More than half a million children in Libya need help: UNICEF

NEW YORK: UN children agency UNICEF has warned that more than 500,000 children in Libya need help and called on warring parties to end the violence and negotiate a political solution to the crisis.
Libya has spiraled into turmoil after a civil war ousted Muammar Qaddafi in 2011. Rival brigades of former rebels backed by competing political factions have turned against each other in a fight for control.
A UN-backed government in Tripoli is trying to extend its influence, though it is facing resistance from armed rivals.
Geert Cappelaere, UNICEF regional director, said that 550,000 children need assistance due the political instability, on-going conflict, displacement, and economic collapse.
“The wellbeing of girls and boys in Libya should be a priority for authorities, civil society and the international community,” Cappelaere said in a statement after visiting the country.
UNICEF said nearly 200,000 children in Libya need safe drinking water, while 315,000 need educational support with more than 550 schools in the country either destroyed, damaged or used as shelters.
Cappelaere warned that more than 80,000 children are internally displaced and migrant children in Libya are particularly vulnerable to abuse and exploitation, including in detention centers.
In a report in May, UNICEF said that thousands of unaccompanied children attempting to make it across the Mediterranean from Libya to Italy can become easy prey for traffickers who often sell them into exploitation, sometimes akin to contemporary forms of slavery.
UNICEF’s concern came as a migrant rescue organization said it was racing to the aid of anti-immigration activists whose boat had run into trouble in the Mediterranean.
The C-Star, which has vowed to expose what it describes as “collaboration” between privately-funded rescue ships and people traffickers, said on Twitter it had “developed a minor technical problem during the night,” leaving it adrift but not in distress.
Germany’s Sea-Eye, one of nine NGOs involved in migrant search and rescue (SAR) operations and a target of the C-Star’s campaign, said it had been “asked by the MRCC (command center in Rome) to assist the ship.”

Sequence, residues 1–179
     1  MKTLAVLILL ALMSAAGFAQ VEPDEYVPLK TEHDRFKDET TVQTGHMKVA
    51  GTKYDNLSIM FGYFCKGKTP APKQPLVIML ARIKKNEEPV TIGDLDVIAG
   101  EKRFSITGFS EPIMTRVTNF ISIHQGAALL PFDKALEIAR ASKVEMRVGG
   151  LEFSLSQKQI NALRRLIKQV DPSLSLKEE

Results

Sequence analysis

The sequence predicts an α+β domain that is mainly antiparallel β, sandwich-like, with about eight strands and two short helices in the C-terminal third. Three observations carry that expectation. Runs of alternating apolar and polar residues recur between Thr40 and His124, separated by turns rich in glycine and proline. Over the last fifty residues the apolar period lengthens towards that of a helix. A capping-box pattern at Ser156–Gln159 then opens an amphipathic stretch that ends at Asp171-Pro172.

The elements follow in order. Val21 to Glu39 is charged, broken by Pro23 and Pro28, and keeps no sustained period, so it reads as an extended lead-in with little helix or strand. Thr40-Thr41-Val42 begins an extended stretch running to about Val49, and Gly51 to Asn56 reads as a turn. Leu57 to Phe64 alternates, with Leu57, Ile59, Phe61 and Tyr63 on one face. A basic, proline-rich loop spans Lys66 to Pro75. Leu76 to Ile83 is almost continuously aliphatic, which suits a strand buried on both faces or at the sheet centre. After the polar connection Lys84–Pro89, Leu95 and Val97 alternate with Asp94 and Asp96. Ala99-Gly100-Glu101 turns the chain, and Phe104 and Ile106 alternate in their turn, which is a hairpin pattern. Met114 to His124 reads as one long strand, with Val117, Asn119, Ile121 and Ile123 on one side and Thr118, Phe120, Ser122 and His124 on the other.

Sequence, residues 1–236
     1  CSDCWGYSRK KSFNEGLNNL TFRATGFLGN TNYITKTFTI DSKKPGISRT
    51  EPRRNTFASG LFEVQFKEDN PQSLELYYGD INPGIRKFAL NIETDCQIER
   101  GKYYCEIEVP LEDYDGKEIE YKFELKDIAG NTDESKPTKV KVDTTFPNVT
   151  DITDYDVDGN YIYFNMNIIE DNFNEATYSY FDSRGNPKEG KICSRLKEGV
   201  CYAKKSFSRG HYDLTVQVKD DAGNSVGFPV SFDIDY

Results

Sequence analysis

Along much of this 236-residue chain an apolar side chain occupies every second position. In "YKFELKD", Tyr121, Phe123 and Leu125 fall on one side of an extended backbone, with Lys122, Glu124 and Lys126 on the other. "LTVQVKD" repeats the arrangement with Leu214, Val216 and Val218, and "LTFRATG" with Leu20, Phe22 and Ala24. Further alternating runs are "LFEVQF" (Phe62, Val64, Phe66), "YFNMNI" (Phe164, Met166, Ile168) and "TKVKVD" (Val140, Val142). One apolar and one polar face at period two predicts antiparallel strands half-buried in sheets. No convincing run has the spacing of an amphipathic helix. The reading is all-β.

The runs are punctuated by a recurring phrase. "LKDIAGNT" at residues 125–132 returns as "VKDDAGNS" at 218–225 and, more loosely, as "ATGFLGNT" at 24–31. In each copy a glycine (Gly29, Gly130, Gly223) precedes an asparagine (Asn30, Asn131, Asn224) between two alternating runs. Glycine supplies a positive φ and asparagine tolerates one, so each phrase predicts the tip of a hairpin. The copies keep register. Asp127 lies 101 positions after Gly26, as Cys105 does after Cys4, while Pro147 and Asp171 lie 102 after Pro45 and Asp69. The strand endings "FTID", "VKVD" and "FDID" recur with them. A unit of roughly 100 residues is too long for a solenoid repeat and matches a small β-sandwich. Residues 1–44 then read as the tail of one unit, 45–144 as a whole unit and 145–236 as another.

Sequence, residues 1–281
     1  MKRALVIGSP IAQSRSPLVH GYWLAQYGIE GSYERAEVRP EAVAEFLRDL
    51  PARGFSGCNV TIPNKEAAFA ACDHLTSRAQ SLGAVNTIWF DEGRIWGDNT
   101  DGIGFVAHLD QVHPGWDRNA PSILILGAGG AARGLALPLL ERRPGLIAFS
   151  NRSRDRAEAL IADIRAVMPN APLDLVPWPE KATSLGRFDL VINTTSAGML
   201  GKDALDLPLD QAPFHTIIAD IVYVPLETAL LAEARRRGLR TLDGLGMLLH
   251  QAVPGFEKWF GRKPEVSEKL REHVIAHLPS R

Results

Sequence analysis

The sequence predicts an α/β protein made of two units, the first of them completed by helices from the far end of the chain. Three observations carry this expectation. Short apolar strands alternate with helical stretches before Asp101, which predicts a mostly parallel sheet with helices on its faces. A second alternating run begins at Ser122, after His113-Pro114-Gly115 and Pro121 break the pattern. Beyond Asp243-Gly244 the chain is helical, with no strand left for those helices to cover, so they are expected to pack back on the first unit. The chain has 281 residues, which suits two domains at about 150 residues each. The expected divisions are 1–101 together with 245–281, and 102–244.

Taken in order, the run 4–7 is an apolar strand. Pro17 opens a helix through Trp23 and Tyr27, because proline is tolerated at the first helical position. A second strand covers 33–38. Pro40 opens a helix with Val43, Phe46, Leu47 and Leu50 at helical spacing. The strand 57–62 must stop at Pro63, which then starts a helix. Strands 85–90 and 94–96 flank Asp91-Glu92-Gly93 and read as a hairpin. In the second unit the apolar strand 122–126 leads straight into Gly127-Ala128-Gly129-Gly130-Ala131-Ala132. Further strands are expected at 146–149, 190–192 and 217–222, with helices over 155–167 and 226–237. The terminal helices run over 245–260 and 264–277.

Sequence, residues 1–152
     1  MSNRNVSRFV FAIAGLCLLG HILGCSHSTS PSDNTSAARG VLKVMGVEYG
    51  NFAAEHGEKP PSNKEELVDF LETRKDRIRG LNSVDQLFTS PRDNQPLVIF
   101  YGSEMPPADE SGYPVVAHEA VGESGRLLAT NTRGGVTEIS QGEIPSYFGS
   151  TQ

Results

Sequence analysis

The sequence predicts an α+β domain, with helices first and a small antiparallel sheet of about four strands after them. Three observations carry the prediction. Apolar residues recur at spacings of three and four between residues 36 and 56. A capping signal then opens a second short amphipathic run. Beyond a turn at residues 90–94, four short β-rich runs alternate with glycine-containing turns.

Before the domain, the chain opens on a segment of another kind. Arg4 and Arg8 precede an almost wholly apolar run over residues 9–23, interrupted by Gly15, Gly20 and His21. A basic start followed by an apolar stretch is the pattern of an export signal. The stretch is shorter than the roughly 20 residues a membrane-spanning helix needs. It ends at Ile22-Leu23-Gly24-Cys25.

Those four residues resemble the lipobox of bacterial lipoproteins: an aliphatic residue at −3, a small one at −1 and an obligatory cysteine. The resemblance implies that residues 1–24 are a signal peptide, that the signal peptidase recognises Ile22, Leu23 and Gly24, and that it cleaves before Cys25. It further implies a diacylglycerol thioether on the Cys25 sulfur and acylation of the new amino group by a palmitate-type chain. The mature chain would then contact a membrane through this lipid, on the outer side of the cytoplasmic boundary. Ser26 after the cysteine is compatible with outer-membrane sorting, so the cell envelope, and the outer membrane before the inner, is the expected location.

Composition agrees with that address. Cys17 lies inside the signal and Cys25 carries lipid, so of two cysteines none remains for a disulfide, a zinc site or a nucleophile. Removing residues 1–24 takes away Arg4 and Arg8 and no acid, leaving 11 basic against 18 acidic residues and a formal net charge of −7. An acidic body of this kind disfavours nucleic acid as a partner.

The Italian coast guard could not be reached for a comment.
The C-Star has been plagued with problems since its mission began last month. It was initially refused permission to travel through the Suez Canal, before later being blocked over legal questions in Cyprus.
After finally making it to Libya’s SAR zone, it needed to refuel but found itself stuck off the coast of Tunisia earlier this week after fishermen and a powerful Tunisian union refused to allow passage.
French activist Clement Galand sent a message to AFP overnight Thursday to Friday saying the boat “has been refueled, everything is fine, we will return to the search and rescue zone” off Libya.
But by Friday morning the activists said a technical problem had forced them to turn off the ship’s engine and inform other vessels in the area.
The ship has been off the radar on maritime traffic sites since Wednesday. Galand said the ship was currently “between Malta and the Libyan coast.”
The 40-meter long ship, which is flying under a Mongolian flag, is leased by the far-right group “Generation Identity.”
Funded by Internet-collected donations of more than $ 212,000, the Austrian, French, German and Italian activists on board have vowed to ensure migrants rescued at sea off Libya be returned to Africa.
Two NGO ships were badgered at sea by the C-Star last week with a radio message telling them to “leave the rescue zone” and “stop acting as an incentive for human traffickers.”
The message echoed one transmitted on Thursday by the Libyan navy, which has banned any unauthorized foreign ships from entering the SAR zone off its coast.